David Starkey: Students and staff demand Cambridge University drop historian from promo campaign due to 'racist views'

Open letter calls on the university to drop Dr Starkey from its campaign and apologise for having used him

Jonathan Owen
Wednesday 18 November 2015 19:11
David Starkey is described in the letter as someone holding 'profoundly racist views'
David Starkey is described in the letter as someone holding 'profoundly racist views'

Students and staff at Cambridge University are demanding that the academic institution drops Dr David Starkey from a major promotional campaign, due to his allegedly racist views, it has emerged.

The well-known historian, who went to Fitzwilliam College, Cambridge, fronts a three-minute video which features university alumni such as Professor Stephen Hawking, Sir Ian McKellen, and Lily Cole, in a bid to raise £2 billion for the university.

But the decision by university bosses to choose the controversial figure as a figurehead in the short film, released last month, has been attacked by academics.

Several members of staff at the English department, King’s College, Cambridge, have written an open letter condemning the move.

It cites an appearance by the historian on BBC Newsnight in 2011 when he referred to Enoch Powell’s ‘rivers of blood’ speech as being right “in one sense” and said: “The whites have become black; a particular sort of violent destructive, nihilistic gangster culture has become the fashion.”

The historian is described in the letter as someone holding “profoundly racist views.”

It adds: “Any institution making this choice of representative would seem to care very little about its appearance in the eyes of Black and Minority Ethnic students and staff, current and future...In Cambridge’s case all of this is made more damaging by the many suggestions that prejudices here are institutionally ingrained.”

And it calls on the university to drop Dr Starkey from its campaign and apologise for having used him.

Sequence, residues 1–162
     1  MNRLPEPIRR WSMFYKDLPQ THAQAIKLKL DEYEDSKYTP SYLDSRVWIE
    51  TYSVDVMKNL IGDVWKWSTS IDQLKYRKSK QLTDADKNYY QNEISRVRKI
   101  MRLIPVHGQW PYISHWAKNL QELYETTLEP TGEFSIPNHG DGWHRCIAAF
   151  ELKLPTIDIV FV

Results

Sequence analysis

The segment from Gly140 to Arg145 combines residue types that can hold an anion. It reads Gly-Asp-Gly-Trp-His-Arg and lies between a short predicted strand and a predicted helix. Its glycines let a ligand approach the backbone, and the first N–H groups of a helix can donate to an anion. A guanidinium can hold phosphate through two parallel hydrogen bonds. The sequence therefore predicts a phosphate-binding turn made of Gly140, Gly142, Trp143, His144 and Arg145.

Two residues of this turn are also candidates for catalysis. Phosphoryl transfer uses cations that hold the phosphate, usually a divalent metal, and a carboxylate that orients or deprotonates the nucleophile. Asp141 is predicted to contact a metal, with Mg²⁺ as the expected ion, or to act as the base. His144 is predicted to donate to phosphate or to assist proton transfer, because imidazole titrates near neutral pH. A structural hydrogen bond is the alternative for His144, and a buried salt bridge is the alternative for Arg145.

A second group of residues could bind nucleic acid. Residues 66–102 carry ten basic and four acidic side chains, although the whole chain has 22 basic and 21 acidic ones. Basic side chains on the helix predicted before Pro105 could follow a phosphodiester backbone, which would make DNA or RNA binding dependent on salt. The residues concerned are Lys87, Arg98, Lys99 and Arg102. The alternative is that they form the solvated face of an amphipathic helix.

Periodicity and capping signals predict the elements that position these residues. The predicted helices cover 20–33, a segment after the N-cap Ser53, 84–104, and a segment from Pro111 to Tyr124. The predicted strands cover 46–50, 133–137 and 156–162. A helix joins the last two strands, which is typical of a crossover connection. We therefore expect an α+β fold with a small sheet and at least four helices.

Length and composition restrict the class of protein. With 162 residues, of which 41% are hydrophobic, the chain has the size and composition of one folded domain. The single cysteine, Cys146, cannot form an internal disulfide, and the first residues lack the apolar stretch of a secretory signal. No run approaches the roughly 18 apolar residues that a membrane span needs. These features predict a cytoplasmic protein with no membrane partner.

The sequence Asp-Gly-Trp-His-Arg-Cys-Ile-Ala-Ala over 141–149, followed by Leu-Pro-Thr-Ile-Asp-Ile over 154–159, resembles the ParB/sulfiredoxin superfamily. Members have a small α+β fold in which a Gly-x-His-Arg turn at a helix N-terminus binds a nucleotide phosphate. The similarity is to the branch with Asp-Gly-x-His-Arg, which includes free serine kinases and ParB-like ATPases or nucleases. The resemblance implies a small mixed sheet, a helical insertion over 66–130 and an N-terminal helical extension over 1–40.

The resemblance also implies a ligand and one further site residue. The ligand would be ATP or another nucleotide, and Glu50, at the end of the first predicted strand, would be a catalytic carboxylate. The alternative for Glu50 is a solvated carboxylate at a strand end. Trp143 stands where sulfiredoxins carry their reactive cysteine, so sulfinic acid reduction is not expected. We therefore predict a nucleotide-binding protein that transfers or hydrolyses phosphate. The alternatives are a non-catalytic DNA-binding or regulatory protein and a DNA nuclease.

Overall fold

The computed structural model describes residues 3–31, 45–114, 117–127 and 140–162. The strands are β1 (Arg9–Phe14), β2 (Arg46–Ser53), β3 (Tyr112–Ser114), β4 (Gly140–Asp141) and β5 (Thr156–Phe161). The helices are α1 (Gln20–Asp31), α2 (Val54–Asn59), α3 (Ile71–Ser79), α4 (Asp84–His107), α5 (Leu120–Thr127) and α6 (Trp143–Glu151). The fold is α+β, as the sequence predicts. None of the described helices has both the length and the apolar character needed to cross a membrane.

Hundreds of staff and students have signed a petition backing the letter’s demands, which is being supported by Cambridge University Student Union (CUSU).

Dr Malachi McIntosh, director of studies at the English department, King’s College, and one of the authors of the letter, told The Independent: “David Starkey is widely known for his racist, sexist and classist comments and because of that does not represent a community composed of people from all places and walks of life. The campaign makes clear that racist voices do not have a place in Cambridge and we - staff and students - are striving to create a university that's truly open to all.”

Helena Blair, CUSU access officer, and one of those appearing in the promotional video, said in a statement: “I sincerely regret how it must look to prospective applicants that the video has effectively platformed someone who students deem to be aggressively racist. He should not be celebrated as part of this university.”

After requests for comment from The Independent on 18 November, the video was taken offline.

“This was the first in a series of films and was intended for use at the launch event. We are already re-editing the film for different launch events in different parts of the world, as we intended. The film has already been replaced online with another campaign film that includes prominent alumni and academics,” said a spokesman for Cambridge University Development and Alumni Relations.

But the university is refusing to apologise for its decision to use Dr Starkey.

“He was one of a number of alumni who wished to participate in the film to demonstrate their gratitude and commitment to Cambridge. We appreciate that he is an academic who has made controversial statements in the past. However, in the video, he was representing his affection for the University and its values (the positive impact of learning and research on people’s lives), which were made clear in the film,” said the spokesman.

As for the historian himself, he told The Independent: “I did not put myself forward. I was asked to contribute by the University, which I love, and to which I owe a profound debt.”

He added: “In due course, the University will decide what is right, proper and expedient. I shall be happy to accept that decision. Of course, if it raises any question about the nature of academic enquiry and academic freedom, I shall reserve the right to comment freely but without recrimination.”

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